Sisters Ruth and Eileen Sherwood move from Ohio to New York in the hopes of building their careers. Ruth wants to get a job as a writer, while Eileen hopes to succeed on the stage. The two ... See full summary »
Susan and Lorenzo have been married for over five years and they are starting to drift apart. So into her life comes an angel, which only Susan can see, to tell her that there will be ... See full summary »
In this 1953 musical remake of "The Awful Truth" Wyman is married to womanizing composer Milland and sets out to give him some of his own medicine. She has an affair, but her ploy backfires... See full summary »
In 1928, Big Ed Hanley, boss of a gang of Chicago racketeers, has money and power, but he is bored. Watching some kids play in the park, he sees Ruth Manning and is interested at once. He ... See full summary »
Fresh from Chinatown in New York, Harry Young has taken over the illegal import business in the seamy Limehouse district of London, where he cold-bloodedly disposes of rivals and runs a ... See full summary »
This film was released more than a year after the Lindbergh kidnapping case and never makes a mention of that "crime of the century." Dorothea Wieck, in her second and last American film, stars as movie star Madeline Fane whose baby is kidnapped from her mansion. We never see the kidnapping and we never know why she has been targeted other than the fact that she is rich and famous. The first half of the film basically follows the frenzied star as she tries to deal with stupid policemen and the press in an effort to get back her baby (Baby LeRoy).
The other half of the film depicts the kidnappers (Alan, Hale, Jack La Rue, and Dorothy Burgess) in a cabin somewhere in the California hills above Los Angeles. Nosy neighbor Alice Brady, a fan of Miss Fane, suspects something isn't right in the neighboring cabin. Burgess has told her that the baby is a girl and they have disguised the baby's blond hair.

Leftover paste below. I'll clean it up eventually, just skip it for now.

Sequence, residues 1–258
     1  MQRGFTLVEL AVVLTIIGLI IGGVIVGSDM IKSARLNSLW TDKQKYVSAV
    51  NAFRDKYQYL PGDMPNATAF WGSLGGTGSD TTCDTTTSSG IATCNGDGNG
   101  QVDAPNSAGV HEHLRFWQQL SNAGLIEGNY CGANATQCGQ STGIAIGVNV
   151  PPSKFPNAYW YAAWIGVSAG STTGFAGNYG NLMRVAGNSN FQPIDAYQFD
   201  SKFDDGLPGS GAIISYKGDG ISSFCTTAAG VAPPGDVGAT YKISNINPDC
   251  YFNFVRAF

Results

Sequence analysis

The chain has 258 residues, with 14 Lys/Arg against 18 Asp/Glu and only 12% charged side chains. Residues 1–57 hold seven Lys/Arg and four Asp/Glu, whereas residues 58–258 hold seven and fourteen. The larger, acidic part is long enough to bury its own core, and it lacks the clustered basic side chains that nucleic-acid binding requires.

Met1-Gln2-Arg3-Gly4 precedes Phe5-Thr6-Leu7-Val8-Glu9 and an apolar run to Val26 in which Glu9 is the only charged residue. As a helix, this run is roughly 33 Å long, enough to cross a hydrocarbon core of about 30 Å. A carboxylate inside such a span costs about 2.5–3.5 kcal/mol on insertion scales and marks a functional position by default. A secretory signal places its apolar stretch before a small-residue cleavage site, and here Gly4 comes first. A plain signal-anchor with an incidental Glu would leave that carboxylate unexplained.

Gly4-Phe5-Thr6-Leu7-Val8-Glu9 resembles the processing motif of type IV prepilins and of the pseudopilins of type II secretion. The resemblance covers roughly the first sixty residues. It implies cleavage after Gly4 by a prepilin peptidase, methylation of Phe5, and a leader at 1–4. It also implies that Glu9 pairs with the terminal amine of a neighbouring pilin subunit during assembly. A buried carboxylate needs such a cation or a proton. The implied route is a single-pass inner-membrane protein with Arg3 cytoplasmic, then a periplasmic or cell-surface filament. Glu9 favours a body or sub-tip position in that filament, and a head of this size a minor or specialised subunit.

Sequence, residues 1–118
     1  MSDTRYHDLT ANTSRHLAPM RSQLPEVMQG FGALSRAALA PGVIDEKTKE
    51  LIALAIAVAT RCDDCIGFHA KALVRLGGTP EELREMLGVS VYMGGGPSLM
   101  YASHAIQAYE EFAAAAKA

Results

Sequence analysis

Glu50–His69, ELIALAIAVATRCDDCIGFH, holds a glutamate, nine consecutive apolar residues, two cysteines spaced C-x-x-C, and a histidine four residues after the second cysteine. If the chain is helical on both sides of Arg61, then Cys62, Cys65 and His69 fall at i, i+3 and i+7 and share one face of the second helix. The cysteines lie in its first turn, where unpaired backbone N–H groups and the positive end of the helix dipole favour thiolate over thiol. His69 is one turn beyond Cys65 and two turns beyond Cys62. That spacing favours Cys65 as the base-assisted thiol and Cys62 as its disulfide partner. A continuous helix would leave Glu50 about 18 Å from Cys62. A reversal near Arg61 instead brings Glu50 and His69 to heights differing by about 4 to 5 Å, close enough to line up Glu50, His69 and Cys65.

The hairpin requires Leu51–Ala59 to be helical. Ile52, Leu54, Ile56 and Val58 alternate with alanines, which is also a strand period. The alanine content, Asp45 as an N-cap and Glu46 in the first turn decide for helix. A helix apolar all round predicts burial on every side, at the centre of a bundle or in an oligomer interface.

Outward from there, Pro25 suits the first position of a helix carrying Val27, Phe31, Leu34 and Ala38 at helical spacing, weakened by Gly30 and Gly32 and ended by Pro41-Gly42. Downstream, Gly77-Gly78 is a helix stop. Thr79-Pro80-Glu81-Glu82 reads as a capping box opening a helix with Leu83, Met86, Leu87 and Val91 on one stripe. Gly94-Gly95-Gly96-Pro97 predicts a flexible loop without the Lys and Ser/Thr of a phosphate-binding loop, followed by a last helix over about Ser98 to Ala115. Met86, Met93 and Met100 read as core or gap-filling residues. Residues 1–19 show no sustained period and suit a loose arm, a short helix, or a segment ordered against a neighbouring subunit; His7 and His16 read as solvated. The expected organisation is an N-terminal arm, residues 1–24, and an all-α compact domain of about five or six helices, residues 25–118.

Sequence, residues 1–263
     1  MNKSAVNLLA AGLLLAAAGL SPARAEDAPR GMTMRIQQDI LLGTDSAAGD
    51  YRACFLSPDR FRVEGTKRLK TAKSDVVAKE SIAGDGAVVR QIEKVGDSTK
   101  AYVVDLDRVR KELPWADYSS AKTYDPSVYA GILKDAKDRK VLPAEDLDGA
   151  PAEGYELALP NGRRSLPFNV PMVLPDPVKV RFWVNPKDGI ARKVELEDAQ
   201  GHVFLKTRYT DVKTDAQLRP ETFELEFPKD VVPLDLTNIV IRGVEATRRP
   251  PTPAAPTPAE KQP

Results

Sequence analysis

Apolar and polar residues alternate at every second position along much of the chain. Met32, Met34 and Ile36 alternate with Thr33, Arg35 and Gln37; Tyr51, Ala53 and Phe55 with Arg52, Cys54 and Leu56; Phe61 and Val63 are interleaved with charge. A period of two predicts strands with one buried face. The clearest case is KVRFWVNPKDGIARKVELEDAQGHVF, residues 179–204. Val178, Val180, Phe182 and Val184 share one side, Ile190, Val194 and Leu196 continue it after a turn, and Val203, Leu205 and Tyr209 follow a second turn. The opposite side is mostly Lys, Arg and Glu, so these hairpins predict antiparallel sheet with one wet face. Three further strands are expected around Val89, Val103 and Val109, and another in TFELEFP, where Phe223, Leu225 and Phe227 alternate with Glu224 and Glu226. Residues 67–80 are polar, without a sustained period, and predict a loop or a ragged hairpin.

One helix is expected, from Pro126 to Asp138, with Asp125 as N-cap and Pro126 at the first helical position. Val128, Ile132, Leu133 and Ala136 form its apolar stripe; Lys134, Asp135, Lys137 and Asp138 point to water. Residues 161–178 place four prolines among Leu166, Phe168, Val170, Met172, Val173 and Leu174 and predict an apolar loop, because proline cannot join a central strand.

After a failed attempt to get their money, the kidnappers start to panic. They prepare to make a getaway while LaRue digs a hole outside the cabin. But Brady spies them and snatches the baby. She makes a wild escape down the hillside in her jalopy with the kidnappers in pursuit firing guns. The cops intercept them.
There is a brief scene where the kidnappers are sentenced, in record time, and a happy reunion. The sentencing of the kidnappers makes a veiled reference to the Lindbergh case as the judge piles on convictions and adds to their prison sentences so they'll never get paroled.
Wieck is OK, although she closely resembles Luise Rainer in looks and demeanor. Brady is sensational as the simple soul who saves the day. Hale, La Rue, and Burgess are good as the kidnappers. Baby LeRoy gurgles and coos on command, but Spanky McFarland (as Brady's youngest child) steals his scenes. William Frawley is the bumbling cop, George Barbier is the bumbling studio chief, Florence Roberts is the kindly housekeeper, and Edwin Maxwell is the tough judge.
After the failure of this film, Wieck went back to Germany, where she worked in films, TV, and on stage through the mid 70s.
7 of 8 people found this review helpful.
Was this review helpful to you?